Great Smoky Mountains Natl. Park — The Great Smoky Mountains National Park has seen several busy years since the start of the COVID-19 pandemic, as more people flocked to the natural beauty of the mountains.
Officials said they set a new visitation record in 2021 with 14,137,812 visits. It marked their busiest year yet, according to officials, and exceeded the 2019 record by around 1.5 million visits.
"That extreme visitation is inspiring, but it's also daunting," said Dana Soehn, a spokesperson for the Great Smoky Mountains National Park. "It presents some very real challenges."
She said having more people in the mountains tends to bring more problems.
"We are experiencing more congestion, more resource impacts and more wear and tear in our facilities," Soehn said. "We simply can't take care of this park by ourselves."
That's where partner organizations like Friends of the Smokies come in.
"The park is free to visit, but it's not free to operate," said Tim Chandler, CEO of Friends of the Smokies. "Donors who give directly to the Friends of Smokies, that money goes back to the park each year for all the different projects inside the park."
Officials at the park also said it became a year-round destination for many people, with eight monthly visitation records set during winter and spring 2021. However, the months with the most visitors were in summer and fall, with peaks in July and October.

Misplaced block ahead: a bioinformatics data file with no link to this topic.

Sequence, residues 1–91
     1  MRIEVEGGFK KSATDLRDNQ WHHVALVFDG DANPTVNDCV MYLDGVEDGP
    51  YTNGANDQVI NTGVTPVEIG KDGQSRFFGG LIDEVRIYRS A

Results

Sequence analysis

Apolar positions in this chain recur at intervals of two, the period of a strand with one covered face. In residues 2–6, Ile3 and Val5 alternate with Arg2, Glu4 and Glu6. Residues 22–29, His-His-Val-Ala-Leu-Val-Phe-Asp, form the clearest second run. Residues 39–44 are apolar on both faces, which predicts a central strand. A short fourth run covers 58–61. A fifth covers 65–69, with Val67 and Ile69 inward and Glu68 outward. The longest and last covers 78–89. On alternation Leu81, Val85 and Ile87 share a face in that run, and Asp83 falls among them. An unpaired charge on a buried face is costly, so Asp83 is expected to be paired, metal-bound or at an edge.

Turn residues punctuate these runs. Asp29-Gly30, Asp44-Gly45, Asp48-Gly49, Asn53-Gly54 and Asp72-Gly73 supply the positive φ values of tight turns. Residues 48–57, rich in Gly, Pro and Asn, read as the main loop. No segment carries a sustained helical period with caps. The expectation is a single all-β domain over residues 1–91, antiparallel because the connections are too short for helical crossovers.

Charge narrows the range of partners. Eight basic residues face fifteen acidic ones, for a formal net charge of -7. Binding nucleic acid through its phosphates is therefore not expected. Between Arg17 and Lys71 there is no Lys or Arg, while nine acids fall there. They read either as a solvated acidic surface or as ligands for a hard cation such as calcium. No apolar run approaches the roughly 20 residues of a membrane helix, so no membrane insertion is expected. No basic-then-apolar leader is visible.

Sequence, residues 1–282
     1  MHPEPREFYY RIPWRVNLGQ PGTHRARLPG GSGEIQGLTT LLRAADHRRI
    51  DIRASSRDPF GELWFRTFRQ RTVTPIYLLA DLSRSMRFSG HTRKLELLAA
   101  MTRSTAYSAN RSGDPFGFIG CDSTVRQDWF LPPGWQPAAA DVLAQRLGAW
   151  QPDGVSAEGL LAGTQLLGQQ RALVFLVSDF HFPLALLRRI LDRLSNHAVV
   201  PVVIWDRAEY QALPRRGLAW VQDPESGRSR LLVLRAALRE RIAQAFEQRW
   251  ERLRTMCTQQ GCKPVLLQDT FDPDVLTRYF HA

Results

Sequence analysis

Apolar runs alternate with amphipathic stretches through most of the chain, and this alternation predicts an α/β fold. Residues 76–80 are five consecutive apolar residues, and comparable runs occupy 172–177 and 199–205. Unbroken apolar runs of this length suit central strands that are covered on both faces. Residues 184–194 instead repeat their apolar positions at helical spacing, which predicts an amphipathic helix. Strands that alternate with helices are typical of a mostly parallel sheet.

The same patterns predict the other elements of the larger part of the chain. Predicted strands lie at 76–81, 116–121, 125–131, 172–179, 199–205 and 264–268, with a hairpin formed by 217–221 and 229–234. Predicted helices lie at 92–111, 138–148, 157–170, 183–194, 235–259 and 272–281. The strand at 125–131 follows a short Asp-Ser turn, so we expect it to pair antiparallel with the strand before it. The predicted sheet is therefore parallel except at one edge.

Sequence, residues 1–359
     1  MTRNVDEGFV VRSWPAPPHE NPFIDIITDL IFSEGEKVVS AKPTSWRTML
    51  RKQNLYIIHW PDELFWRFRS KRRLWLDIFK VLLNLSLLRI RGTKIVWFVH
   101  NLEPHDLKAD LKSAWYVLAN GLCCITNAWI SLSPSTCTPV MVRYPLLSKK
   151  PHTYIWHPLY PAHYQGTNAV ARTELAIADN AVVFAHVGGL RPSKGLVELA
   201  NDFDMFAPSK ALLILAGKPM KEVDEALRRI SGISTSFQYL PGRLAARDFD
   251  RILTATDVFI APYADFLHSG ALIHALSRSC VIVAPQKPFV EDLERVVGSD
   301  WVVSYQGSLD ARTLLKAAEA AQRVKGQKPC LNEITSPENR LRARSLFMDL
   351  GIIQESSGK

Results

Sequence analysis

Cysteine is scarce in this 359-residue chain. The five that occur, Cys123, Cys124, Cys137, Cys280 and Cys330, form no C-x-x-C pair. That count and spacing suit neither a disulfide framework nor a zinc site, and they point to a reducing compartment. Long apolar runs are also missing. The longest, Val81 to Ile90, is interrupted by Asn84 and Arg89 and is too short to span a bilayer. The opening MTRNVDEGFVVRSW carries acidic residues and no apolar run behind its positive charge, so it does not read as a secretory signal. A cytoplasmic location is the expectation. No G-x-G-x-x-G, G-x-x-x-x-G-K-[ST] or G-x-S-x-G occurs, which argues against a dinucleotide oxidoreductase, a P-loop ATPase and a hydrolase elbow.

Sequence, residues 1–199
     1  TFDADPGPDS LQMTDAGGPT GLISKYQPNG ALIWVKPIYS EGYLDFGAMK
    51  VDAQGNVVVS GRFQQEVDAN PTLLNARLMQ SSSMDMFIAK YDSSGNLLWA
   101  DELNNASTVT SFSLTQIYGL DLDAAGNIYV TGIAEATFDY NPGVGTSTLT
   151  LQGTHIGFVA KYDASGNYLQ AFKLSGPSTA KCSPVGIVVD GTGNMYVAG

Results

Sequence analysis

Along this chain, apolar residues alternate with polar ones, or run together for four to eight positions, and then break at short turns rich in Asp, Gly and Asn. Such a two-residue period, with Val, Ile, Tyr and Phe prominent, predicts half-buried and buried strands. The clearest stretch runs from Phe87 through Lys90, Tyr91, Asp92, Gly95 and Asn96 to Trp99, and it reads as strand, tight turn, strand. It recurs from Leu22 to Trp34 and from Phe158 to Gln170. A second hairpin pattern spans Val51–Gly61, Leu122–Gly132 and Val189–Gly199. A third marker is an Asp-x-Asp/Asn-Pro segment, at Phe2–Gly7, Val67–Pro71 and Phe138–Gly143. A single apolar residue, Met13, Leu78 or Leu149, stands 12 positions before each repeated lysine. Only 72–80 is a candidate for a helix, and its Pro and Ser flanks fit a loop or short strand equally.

“In the last decade, park visitation has increased by 57%,” said Alan Sumeriski, the park's acting superintendent. “While increasing visitation presents complex challenges, we are honored to care for a park that is special to so many people."
Front-country camping also increased by around 40% in the Great Smoky Mountains, while backcountry camping also increased by 20% in 2021.
While more people may be flocking to the mountains, operational costs are also rising, according to officials. To help the mountains meet critical needs, Friends of the Smokies and the Great Smoky Mountains Association provided more than $4 million.
"Most of those systems were put in place in the 1960s when our visitation was at about 5 million people," Soehn said. "Trying to provide that level of service with the same infrastructure for now 14 million visits is pretty daunting."
Officials also said the park will receive project-specific, short-term funds to help get through some of the maintenance backlogs in campgrounds, wastewater systems, trails and roads.